Withdrawal process explained
Reward payments are automatically processed for active validator accounts with a maxed out effective balance of 32 ETH.
Any balance above 32 ETH earned through rewards does not actually contribute to principal, or increase the weight of this validator on the network, and is thus automatically withdrawn as a reward payment every few days. Aside from providing a withdrawal address one time, these rewards do not require any action from the validator operator. This is all initiated on the consensus layer, thus no gas (transaction fee) is required at any step.
Providing a withdrawal address is required before any funds can be transferred out of a validator account balance.
Users looking to exit staking entirely and withdraw their full balance back must also sign and broadcast a "voluntary exit" message with validator keys which will start the process of exiting from staking. This is done with your validator client and submitted to your beacon node, and does not require gas.
The process of a validator exiting from staking takes variable amounts of time, depending on how many others are exiting at the same time. Once complete, this account will no longer be responsible for performing validator network duties, is no longer eligible for rewards, and no longer has their ETH "at stake". At this time the account with be marked as fully “withdrawable”.
Once an account is flagged as "withdrawable", and withdrawal credentials have been provided, there is nothing more a user needs to do aside from wait. Accounts are automatically and continuously swept by block proposers for eligible exited funds, and your account balance will be transferred in full (also known as a "full withdrawal") during the next sweep.
Whether a given validator is eligible for a withdrawal or not is determined by the state of the validator account itself. No user input is needed at any given time to determine whether an account should have a withdrawal initiated or not—the entire process is done automatically by the consensus layer on a continuous loop.
When a validator is scheduled to propose the next block, it is required to build a withdrawal queue, of up to 16 eligible withdrawals. This is done by originally starting with validator index 0, determining if there is an eligible withdrawal for this account per the rules of the protocol, and adding it to the queue if there is. The validator set to propose the following block will pick up where the last one left off, progressing in order indefinitely.
Think about an analogue clock. The hand on the clock points to the hour, progresses in one direction, doesn’t skip any hours, and eventually wraps around to the beginning again after the last number is reached. Now instead of 1 through 12, imagine the clock has 0 through N (the total number of validator accounts that have ever been registered on the Beacon Chain, over 500,000 as of Jan 2023). The hand on the clock points to the next validator that needs to be checked for eligible withdrawals. It starts at 0, and progresses all the way around without skipping any accounts. When the last validator is reached, the cycle continues back at the beginning.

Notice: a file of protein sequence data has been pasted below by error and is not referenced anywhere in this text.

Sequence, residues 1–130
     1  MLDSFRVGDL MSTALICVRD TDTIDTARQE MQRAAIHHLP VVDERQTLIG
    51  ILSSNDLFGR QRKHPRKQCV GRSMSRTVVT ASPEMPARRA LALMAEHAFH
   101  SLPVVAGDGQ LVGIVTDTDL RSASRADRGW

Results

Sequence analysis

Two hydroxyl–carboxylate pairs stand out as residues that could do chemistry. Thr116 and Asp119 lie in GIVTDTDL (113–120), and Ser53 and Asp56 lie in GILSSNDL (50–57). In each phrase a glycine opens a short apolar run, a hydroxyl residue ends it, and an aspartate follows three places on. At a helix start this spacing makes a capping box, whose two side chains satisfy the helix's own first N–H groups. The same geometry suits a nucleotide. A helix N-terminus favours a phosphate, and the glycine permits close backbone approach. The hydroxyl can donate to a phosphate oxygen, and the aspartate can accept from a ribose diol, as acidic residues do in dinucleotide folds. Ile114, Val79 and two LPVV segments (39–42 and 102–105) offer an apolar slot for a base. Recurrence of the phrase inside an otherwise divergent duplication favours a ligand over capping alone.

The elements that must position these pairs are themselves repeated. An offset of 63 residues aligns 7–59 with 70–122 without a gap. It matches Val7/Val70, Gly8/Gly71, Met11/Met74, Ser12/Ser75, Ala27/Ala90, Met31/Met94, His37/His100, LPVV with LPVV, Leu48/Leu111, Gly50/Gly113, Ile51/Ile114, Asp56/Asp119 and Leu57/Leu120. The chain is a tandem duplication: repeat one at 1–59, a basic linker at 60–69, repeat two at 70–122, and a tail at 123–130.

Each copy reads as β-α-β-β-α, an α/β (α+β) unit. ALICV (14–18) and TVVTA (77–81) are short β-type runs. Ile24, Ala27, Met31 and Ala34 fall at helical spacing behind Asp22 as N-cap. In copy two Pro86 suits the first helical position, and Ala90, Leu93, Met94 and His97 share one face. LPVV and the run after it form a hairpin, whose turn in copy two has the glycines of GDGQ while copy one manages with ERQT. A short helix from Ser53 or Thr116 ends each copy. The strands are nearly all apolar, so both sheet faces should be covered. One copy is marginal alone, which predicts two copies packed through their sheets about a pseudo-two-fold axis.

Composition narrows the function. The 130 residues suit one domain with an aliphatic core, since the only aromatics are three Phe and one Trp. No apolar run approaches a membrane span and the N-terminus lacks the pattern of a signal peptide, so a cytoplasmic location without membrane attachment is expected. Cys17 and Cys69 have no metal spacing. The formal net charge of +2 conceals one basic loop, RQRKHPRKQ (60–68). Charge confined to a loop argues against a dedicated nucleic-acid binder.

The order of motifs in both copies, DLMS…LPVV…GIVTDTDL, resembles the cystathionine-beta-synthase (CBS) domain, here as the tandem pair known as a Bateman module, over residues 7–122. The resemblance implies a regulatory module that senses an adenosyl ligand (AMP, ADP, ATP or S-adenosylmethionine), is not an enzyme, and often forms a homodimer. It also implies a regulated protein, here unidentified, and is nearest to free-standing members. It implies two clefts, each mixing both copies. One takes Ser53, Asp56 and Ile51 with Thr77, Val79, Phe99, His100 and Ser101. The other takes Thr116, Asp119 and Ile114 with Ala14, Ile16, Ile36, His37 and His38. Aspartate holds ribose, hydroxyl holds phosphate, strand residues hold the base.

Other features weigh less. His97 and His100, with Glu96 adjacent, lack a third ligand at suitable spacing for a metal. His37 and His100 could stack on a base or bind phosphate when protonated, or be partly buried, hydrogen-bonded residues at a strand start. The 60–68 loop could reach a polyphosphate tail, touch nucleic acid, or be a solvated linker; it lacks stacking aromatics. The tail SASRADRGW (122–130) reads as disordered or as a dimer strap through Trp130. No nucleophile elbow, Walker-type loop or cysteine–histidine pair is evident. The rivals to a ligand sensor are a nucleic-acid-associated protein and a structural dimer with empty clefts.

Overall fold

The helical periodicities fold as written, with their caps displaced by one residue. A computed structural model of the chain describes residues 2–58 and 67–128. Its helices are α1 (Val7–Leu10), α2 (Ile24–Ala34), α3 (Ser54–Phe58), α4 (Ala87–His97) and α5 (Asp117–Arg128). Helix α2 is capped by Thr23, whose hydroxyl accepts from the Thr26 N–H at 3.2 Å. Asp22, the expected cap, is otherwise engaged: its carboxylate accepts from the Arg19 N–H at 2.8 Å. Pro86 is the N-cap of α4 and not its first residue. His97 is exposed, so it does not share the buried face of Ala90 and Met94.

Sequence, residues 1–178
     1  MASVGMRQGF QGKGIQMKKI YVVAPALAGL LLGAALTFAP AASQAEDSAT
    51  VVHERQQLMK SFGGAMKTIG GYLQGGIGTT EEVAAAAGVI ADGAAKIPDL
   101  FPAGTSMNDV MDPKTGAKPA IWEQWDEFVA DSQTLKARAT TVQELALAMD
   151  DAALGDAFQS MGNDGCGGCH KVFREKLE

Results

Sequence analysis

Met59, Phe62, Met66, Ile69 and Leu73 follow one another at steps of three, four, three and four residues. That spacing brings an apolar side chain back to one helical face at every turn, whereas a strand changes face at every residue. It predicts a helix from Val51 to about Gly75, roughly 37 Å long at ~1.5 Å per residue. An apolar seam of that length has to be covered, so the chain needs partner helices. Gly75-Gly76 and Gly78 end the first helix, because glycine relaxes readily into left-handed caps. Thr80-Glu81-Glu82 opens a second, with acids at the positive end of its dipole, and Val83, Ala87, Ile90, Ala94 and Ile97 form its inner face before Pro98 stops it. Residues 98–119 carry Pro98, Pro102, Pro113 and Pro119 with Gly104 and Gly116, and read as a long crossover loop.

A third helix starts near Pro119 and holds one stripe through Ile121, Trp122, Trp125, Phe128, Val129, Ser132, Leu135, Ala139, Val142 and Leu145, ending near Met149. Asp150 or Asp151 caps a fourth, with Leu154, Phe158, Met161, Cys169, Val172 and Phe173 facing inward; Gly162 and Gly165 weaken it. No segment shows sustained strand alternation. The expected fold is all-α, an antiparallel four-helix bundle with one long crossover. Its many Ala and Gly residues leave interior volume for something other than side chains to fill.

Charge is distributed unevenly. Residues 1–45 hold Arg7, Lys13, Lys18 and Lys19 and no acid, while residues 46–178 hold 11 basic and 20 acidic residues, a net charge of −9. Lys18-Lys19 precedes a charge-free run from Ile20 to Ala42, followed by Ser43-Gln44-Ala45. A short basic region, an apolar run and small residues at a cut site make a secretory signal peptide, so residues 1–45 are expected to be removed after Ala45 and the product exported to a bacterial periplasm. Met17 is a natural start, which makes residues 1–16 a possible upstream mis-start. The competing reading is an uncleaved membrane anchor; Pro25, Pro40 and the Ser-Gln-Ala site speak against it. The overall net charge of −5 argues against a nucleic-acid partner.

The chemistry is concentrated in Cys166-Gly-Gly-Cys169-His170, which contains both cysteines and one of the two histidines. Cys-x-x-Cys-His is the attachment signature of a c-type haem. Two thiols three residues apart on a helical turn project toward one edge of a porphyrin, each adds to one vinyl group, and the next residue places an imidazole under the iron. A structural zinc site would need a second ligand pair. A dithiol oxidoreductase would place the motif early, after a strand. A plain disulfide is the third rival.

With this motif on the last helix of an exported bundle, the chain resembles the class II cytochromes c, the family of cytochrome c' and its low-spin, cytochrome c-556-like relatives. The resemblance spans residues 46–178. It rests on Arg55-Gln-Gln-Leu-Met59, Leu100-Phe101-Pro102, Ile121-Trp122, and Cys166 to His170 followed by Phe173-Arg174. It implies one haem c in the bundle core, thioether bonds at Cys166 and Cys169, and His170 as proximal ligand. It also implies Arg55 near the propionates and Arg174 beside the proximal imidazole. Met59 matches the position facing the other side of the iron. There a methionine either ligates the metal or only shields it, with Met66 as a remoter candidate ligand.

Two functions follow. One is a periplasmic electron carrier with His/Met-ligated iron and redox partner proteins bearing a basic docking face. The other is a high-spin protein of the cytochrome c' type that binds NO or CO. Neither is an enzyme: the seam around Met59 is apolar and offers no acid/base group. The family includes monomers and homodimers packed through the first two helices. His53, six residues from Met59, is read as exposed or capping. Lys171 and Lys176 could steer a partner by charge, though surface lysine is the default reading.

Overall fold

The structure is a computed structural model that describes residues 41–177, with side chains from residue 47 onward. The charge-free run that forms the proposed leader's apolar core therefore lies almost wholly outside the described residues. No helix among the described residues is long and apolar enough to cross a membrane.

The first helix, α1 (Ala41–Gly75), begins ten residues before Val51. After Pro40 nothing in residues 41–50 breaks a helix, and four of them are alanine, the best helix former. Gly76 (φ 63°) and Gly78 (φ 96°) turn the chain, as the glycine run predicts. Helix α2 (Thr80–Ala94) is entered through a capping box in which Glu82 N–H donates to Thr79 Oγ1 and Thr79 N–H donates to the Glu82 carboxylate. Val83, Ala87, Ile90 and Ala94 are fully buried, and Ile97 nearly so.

Checking an account for withdrawals
While a proposer is sweeping through validators for possible withdrawals, each validator being checked is evaluated against a short series of questions to determine if a withdrawal should be triggered, and if so, how much ETH should be withdrawn.
- 1.Has a withdrawal address been provided? If no withdrawal address has been provided, the account is skipped and no withdrawal initiated.
- 2.Is the validator exited and withdrawable? If the validator has fully exited, and we have reached the epoch where their account is considered to be "withdrawable", then a full withdrawal will be processed. This will transfer the entire remaining balance to the withdrawal address.
- 3.Is the effective balance maxed out at 32? If the account has withdrawal credentials, is not fully exited, and has rewards above 32 waiting, a partial withdrawal will be processed which transfers only the rewards above 32 to the user's withdrawal address.
There are only two actions that are taken by validator operators during the course of a validator's life cycle that influence this flow directly:
- Provide withdrawal credentials to enable any form of withdrawal
- Exit from the network, which will trigger a full withdrawal
This approach to staking withdrawals avoids requiring stakers to manually submit a transaction requesting a particular amount of ETH to be withdrawn. This also means there is no gas (transaction fee) required, and withdrawals also do not compete for existing execution layer block space.
A maximum of 16 withdrawals can be processed in a single block. At that rate, 115,200 validator withdrawals can be processed per day (assuming no missed slots). As noted above, validators without eligible withdrawals will be skipped, decreasing the time to finish the sweep.
Expanding this calculation, we can estimate the time it will take to process a given number of withdrawals:
As you see this slows down as more validators are on the network. An increase in missed blocks could slow this down proportionally, but this will generally represent the slower side of possible outcomes.